The Tiny Insects That Make Cheese So Delicious: An Ode to Cheese Mites

I bet you didn’t know that the tiny things that are often overlooked play the most significant role in the creation of some of the UK's most mouth-watering cheeses. Cheese mites are fascinating little creatures that are often found in aged cheeses. Although they are barely visible to the naked eye, they are an essential part of the natural process that occurs during the ageing of cheese. In this article, we'll take a closer look at cheese mites and explore their role in cheese-making.

What Are Cheese Mites?

Cheese mites are small, soft-bodied insects that are part of the Acari family. They live and breed on the surface of aged cheeses, feeding on the proteins and fats in the cheese. As the mites feed, they break down the cheese's surface, releasing a range of complex flavours and aromas that are unique to each cheese.

Cheeses That Use Cheese Mites For Flavour


One of the most famous cheeses known to be infested with cheese mites is the Mimolette cheese. Mimolette is a hard cheese that is produced in the north of France, distinguished for its orange-coloured rind that is covered in cheese mites. In fact, it’s the mites that give the cheese a unique flavour profile that cannot be replicated with any other cheese-making technique.


Cheese mites are also an essential part of the production of the Stilton cheese, a semi-soft cheese that is produced in the UK. During the production process, the cheese is pierced with stainless steel needles which allows cheese mites to enter the cheese. The mites then colonise the surface of the cheese, creating small tunnels throughout the cheese. This allows air to circulate through the cheese, resulting in the iconic blue mould that even everyday cheese lovers recognise Stilton cheese for.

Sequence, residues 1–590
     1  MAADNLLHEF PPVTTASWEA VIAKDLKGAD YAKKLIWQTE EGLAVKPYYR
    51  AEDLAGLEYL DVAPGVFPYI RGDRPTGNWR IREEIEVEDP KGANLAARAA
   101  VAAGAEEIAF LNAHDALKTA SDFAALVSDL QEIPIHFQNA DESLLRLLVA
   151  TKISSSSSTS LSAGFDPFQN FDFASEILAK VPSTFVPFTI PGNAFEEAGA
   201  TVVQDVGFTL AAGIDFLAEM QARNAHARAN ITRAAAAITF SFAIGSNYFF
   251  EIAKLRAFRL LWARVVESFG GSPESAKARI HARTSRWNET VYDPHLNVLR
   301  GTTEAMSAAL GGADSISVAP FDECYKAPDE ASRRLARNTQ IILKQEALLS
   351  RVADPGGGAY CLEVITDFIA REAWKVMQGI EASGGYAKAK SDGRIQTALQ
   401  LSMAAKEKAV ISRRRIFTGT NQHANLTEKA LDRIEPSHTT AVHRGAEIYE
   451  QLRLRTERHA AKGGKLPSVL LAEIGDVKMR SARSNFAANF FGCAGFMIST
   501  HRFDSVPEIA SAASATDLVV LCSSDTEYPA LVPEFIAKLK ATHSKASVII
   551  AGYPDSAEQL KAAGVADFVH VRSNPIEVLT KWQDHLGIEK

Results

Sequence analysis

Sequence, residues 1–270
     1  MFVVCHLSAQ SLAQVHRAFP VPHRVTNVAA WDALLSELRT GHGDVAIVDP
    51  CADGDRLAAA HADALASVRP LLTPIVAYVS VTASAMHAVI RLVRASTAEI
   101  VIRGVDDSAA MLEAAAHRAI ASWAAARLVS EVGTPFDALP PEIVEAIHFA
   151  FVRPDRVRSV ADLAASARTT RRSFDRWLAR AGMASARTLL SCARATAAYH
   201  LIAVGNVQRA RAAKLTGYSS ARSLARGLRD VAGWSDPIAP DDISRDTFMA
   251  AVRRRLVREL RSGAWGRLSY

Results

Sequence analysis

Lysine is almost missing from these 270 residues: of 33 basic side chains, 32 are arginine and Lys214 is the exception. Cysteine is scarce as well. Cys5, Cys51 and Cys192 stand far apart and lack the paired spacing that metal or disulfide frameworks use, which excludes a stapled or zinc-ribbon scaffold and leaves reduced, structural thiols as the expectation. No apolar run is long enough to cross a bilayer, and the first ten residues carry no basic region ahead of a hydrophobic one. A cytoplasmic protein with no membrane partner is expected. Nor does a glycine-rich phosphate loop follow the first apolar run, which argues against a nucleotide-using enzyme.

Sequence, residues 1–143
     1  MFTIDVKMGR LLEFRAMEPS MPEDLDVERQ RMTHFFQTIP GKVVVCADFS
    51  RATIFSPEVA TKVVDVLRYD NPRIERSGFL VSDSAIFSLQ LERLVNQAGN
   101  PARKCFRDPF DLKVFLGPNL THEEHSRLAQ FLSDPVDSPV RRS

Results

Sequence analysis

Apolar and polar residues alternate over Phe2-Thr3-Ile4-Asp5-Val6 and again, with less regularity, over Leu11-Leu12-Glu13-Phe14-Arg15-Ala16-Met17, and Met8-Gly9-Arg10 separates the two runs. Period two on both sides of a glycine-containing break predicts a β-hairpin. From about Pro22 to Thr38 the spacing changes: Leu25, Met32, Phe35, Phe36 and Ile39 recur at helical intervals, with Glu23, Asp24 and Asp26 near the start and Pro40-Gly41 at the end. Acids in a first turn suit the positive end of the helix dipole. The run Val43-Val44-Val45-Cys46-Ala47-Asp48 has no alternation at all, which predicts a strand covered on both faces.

Aged Vs. Pasteurised Cheeses

The presence of cheese mites is a sign of quality and authenticity in aged cheeses. Pasteurised cheeses are considered by some to be inferior in taste and texture because they eliminate some of the pathogens in the cheese, disrupting the natural process of cheese ageing with mites on the surface. Some prefer the more silky feel and smooth taste of pasteurised cheese, however, it’s important to note that both raw and pasteurised cheeses can be safe when produced under strict safety standards and government regulations.

Although cheese mites may seem like a nuisance, they play an essential role in creating some of the world's most delicious cheeses. They are a testament to the art and science of cheese-making and the unique flavours and aromas that can be produced through natural processes. Plus, they play a significant role in creating the unique and complex flavours that are characteristic of some of the UK's most famous cheeses. If you're a cheese lover, next time you enjoy a piece of aged cheese, take a moment to appreciate the tiny, but mighty, cheese mites that have made it possible!

At Rennet & Rind, we’ve curated a finely crafted collection of artisan cheese that all comes from local farms that make it the authentic way. We’re an award-winning cheesemonger and affineur, and our online store is a treasure trove of the UK’s most unique and highest-quality cheese varieties. If you’d like to try a selection of some of our finest cheeses in one package, try our ever-popular mystery cheese box to have a curated selection of five of our highlights. It’s the best way to taste the pleasures of Rennet & Rind’s acclaimed artisan cheeses.

Older Post Newer Post

  • AB on

    Cheese mites aren’t insects; they are arachnids – hence ‘mites’.

Leave a comment